Daily teeth clenching or nocturnal teeth grinding damage implants justify the need for a night guard in patients with implants. Repeated pressure, grinding, and stress can damage your natural teeth over time, and the same can happen to your implants. If you thought your dental implants were expensive when you first got them, you wouldn’t be pleased with the expense of implant restoration when they fail. Even if you think you've got your bruxism under control with various therapies, you should still use a dental night guard to protect your dental implants. Your dentist will likely recommend a custom-fitted mouth guard to protect your teeth after diagnosing you with bruxism. Worry not; wearing a custom-made mouth guard is safe. These night guards are removable appliances, and no treatment is performed directly on your teeth. Wearing them regularly at night can help break the bruxism habit and protect your teeth’ surface.6, 7

However, it is imperative to replace the guard regularly to avoid it wearing down and allowing forces to pass to your natural teeth and implants.

 

HOW DO MOUTH GUARDS PROTECT YOUR IMPLANTS?

Teeth grinding mouth guards cushion your teeth and protect them from the force of clenching and prevent bruxism, preventing headaches, attrited teeth, and inflamed gums. They work by putting a barrier between your teeth and stop their grinding. In addition, it helps the jaw relax, which reduces the instances of clenching or grinding teeth. This reduces the aberrant forces exerted on your implants and allows them to integrate into the jaw bone.

TYPES OF TEETH MOUTH GUARDS

Dental mouth guards or night guards are dental appliances covering your teeth that your doctor provides for bruxism. They can also aid in relieving obstructive sleep apnea. All night guards are not, and there are varieties of mouth guards, depending on your needs.

Stock night guards/mouth protectors

These are preformed and ready to wear. Unfortunately, though cheap and readily available, they are bulky and do not provide a good fit.

Boil-and-bite mouth guards

Over-the-counter occlusal guards are available at most pharmacies. First, you need to boil it to soften it, and then gently bite it to shape it to your mouth.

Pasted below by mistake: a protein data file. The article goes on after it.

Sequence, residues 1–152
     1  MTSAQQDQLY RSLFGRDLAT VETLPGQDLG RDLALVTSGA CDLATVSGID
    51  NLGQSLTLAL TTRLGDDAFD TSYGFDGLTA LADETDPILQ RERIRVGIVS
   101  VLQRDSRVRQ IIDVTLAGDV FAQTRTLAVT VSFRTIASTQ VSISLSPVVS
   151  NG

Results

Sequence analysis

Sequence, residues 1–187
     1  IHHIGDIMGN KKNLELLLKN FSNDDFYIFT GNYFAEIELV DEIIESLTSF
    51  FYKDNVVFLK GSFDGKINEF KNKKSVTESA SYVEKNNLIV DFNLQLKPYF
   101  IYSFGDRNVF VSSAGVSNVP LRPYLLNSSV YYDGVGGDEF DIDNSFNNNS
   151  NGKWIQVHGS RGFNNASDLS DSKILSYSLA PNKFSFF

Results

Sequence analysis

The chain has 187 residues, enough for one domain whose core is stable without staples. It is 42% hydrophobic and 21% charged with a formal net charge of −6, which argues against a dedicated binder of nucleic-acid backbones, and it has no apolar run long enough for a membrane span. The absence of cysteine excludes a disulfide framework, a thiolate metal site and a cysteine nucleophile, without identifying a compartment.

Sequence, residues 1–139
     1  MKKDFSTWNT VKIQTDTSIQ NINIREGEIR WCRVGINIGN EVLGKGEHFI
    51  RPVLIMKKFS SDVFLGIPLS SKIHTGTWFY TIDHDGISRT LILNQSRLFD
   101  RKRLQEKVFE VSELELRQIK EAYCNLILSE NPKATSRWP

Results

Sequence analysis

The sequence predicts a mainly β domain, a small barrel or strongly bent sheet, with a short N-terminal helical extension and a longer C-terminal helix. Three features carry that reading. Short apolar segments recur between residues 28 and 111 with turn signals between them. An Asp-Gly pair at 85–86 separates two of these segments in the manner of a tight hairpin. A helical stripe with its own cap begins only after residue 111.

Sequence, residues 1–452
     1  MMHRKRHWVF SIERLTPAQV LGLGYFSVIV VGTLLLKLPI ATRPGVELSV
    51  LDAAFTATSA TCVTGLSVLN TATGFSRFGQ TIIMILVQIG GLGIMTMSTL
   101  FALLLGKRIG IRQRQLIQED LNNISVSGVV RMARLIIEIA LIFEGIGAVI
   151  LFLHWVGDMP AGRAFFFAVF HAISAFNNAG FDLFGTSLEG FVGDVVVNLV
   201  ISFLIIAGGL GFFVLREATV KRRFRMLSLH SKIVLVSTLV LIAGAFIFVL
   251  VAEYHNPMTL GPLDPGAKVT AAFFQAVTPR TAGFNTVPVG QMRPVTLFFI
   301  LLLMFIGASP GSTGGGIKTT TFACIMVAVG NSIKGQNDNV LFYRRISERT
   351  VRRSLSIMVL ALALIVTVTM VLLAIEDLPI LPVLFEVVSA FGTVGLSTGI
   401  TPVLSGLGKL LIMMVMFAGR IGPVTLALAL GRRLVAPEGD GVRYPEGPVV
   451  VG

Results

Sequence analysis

Customized mouth guards

These are also called occlusal guards. Custom-made occlusal guards are fabricated by taking dental impressions and creating models out of them to custom fit your mouth. This ensures a far better fit than stock or boil-and-bite mouth guards, making them more comfortable and challenging to remove unintentionally while sleeping. 

 

​​CHOOSING THE RIGHT NIGHT GUARD FOR IMPLANTS

  • Teeth grinding and clenching are symptoms of bruxism, which harm your teeth and orofacial structures. In addition, the grinding forces can cause implant failure. Wearing a mouth guard while sleeping can help keep your upper and lower teeth apart so that the grinding forces cannot affect them.
  • Stock mouth guards are challenging to keep in position and unpleasant, making sleeping difficult. While boil-and-bite mouth guards are more comfortable, they grow brittle and weak with time.
  • A custom-made mouth guard is your best option if you grind your teeth during sleep. In addition, if you have dental implants in your mouth, custom night guards will be fabricated to accommodate your dental implants in them so that they provide a good fit and protect the implants from grinding forces.
  • When choosing a custom night guard, make sure your teeth grinding mouth guard is comfortable, durable, tear-resistant, and easy to clean.

HOW ARE MOUTHGUARDS PREPARED?

Fabrication of mouth guards requires two steps. 

The first step is to make an impression. Commercially available night guards differ from those created by a dentist because custom-made night guards are tailored to the patient's exact specifications. This is made feasible by obtaining a mouth imprint. Next, a negative duplicate of the upper and lower teeth is obtained to make a plaster cast. Finally, the dental laboratory uses the cast, also known as the model cast or mold, to create the personalized night guard.

Fabrication of the Night Guard is the second step. The dental mold is crucial in the fabrication of the night guard. The material (soft, dual laminate, or hard acrylic) is molded around the mold to provide an exact fit between the upper and lower teeth. Either the upper or lower teeth can be fitted with a teeth night guard. The mold is used to verify how the night guard fits and how the bite comes together once it has been manufactured. If required, minor changes are performed.